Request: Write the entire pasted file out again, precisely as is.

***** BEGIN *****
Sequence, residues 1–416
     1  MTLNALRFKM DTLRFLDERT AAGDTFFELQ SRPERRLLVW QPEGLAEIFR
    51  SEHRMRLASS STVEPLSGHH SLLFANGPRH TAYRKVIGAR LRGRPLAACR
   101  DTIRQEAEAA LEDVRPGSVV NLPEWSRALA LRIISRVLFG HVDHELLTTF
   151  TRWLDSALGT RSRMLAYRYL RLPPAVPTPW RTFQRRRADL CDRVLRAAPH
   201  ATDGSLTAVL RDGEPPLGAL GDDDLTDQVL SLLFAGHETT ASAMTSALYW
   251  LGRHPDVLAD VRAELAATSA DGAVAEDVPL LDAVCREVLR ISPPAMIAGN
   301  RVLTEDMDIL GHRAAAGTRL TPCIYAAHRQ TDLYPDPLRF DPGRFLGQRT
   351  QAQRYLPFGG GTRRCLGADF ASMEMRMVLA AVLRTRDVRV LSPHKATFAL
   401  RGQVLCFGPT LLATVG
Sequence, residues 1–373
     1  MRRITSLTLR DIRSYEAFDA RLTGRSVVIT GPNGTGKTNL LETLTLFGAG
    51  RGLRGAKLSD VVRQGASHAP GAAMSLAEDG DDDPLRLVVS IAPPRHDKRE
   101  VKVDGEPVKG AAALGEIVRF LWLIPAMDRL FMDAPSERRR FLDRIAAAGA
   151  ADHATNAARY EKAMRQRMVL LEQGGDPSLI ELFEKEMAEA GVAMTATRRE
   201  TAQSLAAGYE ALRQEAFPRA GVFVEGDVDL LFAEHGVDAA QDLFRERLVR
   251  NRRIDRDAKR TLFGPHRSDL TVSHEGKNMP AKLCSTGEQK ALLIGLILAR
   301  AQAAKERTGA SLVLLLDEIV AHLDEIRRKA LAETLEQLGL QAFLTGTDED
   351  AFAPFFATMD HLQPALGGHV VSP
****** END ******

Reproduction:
Sequence, residues 1–416
     1  MTLNALRFKM DTLRFLDERT AAGDTFFELQ SRPERRLLVW QPEGLAEIFR
    51  SEHRMRLASS STVEPLSGHH SLLFANGPRH TAYRKVIGAR LRGRPLAACR
   101  DTIRQEAEAA LEDVRPGSVV NLPEWSRALA LRIISRVLFG HVDHELLTTF
   151  TRWLDSALGT RSRMLAYRYL RLPPAVPTPW RTFQRRRADL CDRVLRAAPH
   201  ATDGSLTAVL RDGEPPLGAL GDDDLTDQVL SLLFAGHETT ASAMTSALYW
   251  LGRHPDVLAD VRAELAATSA DGAVAEDVPL LDAVCREVLR ISPPAMIAGN
   301  RVLTEDMDIL GHRAAAGTRL TPCIYAAHRQ TDLYPDPLRF DPGRFLGQRT
   351  QAQRYLPFGG GTRRCLGADF ASMEMRMVLA AVLRTRDVRV LSPHKATFAL
   401  RGQVLCFGPT LLATVG
Sequence, residues 1–373
     1  MRRITSLTLR DIRSYEAFDA RLTGRSVVIT GPNGTGKTNL LETLTLFGAG
    51  RGLRGAKLSD VVRQGASHAP GAAMSLAEDG DDDPLRLVVS IAPPRHDKRE
   101  VKVDGEPVKG AAALGEIVRF LWLIPAMDRL FMDAPSERRR FLDRIAAAGA
   151  ADHATNAARY EKAMRQRMVL LEQGGDPSLI ELFEKEMAEA GVAMTATRRE
   201  TAQSLAAGYE ALRQEAFPRA GVFVEGDVDL LFAEHGVDAA QDLFRERLVR
   251  NRRIDRDAKR TLFGPHRSDL TVSHEGKNMP AKLCSTGEQK ALLIGLILAR
   301  AQAAKERTGA SLVLLLDEIV AHLDEIRRKA LAETLEQLGL QAFLTGTDED
   351  AFAPFFATMD HLQPALGGHV VSP